Patients travel from all over Houston, the United States and the world to see our cardiologists and cardiovascular surgeons at the University of Texas Houston Cardiovascular Clinic. This is due to our world class cardiologists and cardiovascular surgeons, our state of the art diagnostics and treatments and new leading edge research combining to provide each patient with the best cardiovascular care.
For each patient this includes the most comprehensive list of advanced cardiovascular diagnostic and imaging modalities available in the United States. We have world’s experts available to interpret these studies, so that your results are best interpreted to optimize your cardiovascular health and well being.
To make an appointment, please call our office at +1 (832) 325-7211
To Make an appointment
Call the UT Physicians Referral Service, Monday-Friday, 8:00 a.m. to 5:00 p.m., at
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What you need to know before the clinic
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General Heart Health Resources
Want to know about heart and heart diseases?
Heart Diseases - U.S. National Library of Medicine | National Institutes of Health
Blood, Heart and Circulation - U.S. National Library of Medicine | National Institutes of Health
Heart Disease - Centers for Disease Control and Prevention
What Is the Heart? - National Heart Lung and Blood Institute
UT Cardiovascular Medicine has the most comprehensive range of advanced cardiovascular diagnostic and imaging modalities available in the United States. We have our internationally recognized cardiovacular specialists interpret these studies, so that your results are analyzed and a treatment plan developed to optimize your cardiovascular health and well being.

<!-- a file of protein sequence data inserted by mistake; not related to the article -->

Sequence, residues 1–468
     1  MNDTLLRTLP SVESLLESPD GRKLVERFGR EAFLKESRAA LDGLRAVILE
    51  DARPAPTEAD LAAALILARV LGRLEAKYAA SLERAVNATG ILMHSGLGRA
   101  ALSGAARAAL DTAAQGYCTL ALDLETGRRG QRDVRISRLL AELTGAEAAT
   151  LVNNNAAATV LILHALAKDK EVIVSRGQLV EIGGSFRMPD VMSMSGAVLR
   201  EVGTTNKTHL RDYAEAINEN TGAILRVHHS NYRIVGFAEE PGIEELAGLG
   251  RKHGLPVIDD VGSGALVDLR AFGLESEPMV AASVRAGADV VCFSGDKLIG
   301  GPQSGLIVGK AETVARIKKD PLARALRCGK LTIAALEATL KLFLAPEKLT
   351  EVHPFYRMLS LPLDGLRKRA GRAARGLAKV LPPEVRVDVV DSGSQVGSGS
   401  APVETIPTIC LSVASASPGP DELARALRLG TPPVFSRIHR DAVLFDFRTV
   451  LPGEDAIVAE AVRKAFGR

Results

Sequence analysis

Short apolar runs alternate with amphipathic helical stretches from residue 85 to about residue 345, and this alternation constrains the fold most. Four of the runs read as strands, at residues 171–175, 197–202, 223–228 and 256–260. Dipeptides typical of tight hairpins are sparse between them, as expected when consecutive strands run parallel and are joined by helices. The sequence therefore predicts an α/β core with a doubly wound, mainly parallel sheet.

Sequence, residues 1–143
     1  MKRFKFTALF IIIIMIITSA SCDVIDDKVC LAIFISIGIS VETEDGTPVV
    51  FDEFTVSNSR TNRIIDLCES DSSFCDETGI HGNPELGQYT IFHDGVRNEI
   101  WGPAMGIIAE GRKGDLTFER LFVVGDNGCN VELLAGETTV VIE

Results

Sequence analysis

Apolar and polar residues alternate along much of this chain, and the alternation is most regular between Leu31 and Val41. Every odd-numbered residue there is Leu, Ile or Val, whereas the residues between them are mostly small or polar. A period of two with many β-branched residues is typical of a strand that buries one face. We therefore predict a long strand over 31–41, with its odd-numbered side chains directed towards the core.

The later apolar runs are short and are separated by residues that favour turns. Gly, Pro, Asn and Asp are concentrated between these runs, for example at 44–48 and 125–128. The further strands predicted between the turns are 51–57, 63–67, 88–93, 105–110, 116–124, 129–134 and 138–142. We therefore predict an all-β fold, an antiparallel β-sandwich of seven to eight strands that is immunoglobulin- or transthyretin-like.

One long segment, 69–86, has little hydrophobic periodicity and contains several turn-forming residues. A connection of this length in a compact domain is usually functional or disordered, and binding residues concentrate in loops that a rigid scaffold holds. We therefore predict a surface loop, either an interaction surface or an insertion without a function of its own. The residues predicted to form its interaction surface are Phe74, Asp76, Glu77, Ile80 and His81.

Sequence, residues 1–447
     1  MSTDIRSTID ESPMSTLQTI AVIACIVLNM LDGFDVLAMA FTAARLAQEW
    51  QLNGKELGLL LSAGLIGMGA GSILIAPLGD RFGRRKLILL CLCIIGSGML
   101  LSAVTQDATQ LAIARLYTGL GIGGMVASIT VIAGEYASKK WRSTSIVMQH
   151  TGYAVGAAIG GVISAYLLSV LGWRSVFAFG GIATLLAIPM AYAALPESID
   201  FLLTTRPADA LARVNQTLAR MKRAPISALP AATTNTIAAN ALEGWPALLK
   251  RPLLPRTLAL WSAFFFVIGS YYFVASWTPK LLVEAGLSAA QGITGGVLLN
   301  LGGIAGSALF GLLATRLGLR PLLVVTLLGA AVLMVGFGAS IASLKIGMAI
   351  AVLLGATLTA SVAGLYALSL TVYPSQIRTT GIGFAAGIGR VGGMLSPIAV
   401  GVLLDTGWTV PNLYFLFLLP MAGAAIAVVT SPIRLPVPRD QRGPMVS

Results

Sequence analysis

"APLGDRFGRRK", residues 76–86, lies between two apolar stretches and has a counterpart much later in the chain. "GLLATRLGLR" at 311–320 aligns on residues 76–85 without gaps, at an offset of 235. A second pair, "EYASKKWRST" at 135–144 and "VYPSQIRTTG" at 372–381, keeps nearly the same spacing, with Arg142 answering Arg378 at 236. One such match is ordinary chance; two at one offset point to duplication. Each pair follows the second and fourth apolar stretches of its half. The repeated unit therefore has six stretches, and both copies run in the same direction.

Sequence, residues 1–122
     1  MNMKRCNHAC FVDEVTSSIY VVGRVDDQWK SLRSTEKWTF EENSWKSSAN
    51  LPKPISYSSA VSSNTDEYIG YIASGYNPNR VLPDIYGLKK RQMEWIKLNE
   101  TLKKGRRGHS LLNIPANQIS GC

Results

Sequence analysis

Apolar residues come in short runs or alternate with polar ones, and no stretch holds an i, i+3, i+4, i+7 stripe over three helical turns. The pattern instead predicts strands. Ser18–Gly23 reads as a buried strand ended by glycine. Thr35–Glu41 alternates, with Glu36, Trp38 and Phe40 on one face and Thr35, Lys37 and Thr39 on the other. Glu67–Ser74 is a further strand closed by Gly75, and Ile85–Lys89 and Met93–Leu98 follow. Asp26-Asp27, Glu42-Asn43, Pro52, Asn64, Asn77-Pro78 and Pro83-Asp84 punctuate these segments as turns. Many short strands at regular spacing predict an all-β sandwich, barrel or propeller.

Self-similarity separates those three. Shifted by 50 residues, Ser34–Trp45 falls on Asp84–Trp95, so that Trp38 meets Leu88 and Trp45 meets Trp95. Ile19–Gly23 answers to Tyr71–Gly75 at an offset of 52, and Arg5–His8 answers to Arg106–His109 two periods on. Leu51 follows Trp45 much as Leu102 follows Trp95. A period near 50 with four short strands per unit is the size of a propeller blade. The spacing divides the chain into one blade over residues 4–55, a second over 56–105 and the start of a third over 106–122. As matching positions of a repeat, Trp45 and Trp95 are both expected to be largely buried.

At UT Cardiovascular Medicine we offer the following imaging and diagnostic technologies:
Electrocardiogram (EKG): An electrocardiogram measures the electrical activity generated by the heart.
Echocardiogram: An echocardiogram uses ultrasound, or sound waves, to create detailed images of the heart muscle, and valves. These images can also measure the heart’s blood flow and function.
Stress Echocardiography: A stress echocardiogram uses ultrasound to see how the heart works under exercise conditions. Under exercise, this test can tell if there is a reduction in blood flow to the heart muscle due to a blocked artery. We usually use treadmill or bicycle for exercise. But if you can’t exercise, we can use medications to mimic these exercise conditions.
Nuclear Stress Testing and Nuclear Imaging: A nuclear stress test uses an injected radioactive material to look at the blood flow through the heart during exercise conditions. We usually use treadmill or bicycle for exercise, but if you can’t exercise we can use medications to mimic these exercise conditions. Nuclear imaging can also be used to measure heart function.
Positron Emission Tomography (PET): At the Weatherhead PET Center, we provide advanced cardiac PET and cardiac PET-CT. PET-CT is like a nuclear stress test, but can detect smaller changes in blood flow and changes to heart muscle cell function. It is the most accurate of the stress and imaging modalities in the world today for the detection coronary artery disease. Weatherhead PET Center - web site
Heart Rhythms Monitors: These monitors, called Holter or event recorders, are small iPod-size devices connected to leads that are placed on the chest to record heart rhythms. Heart rhythm monitors are worn for one or more days to detect heart rhythm changes.
Optimization of Pacemakers and Defibrillators (ICD): We can optimize any pacemaker or defibrillator using our non-invasive programming devices. We now also offer “pacemaker tune ups” using ultrasound, so that the pacemaker makes the heart pump more efficiently.
Vascular Ultrasound: Vascular ultrasound uses sound waves to create detailed images of the carotid arteries, renal arteries and limb arteries. These images can also be used to measure the blood flow through the artery and detect blockages.
Vascular screening: UT Cardiovascular Medicine has a range of vascular screening modalities including carotid artery screening, peripheral artery screening, abdominal aortic aneursym screening and early coronary artery disease imaging.
Non-Invasive Vascular Testing: This test measures changes in blood pressure at different levels in the arms and legs to non-invasively detect blockages.
Cardiovascular Magnetic Resonance Imaging (CMR): This test uses magnetic fields (without radiation) to create detailed images of the heart and vascular system.
Cardiovascular Computer Tomography (CT 64 slice): This test takes and puts together multiple x-rays using computers to create detailed images of the heart and vascular system.
Laboratory Tests: The full range of laboratory tests are available at UT Cardiovascular Medicine.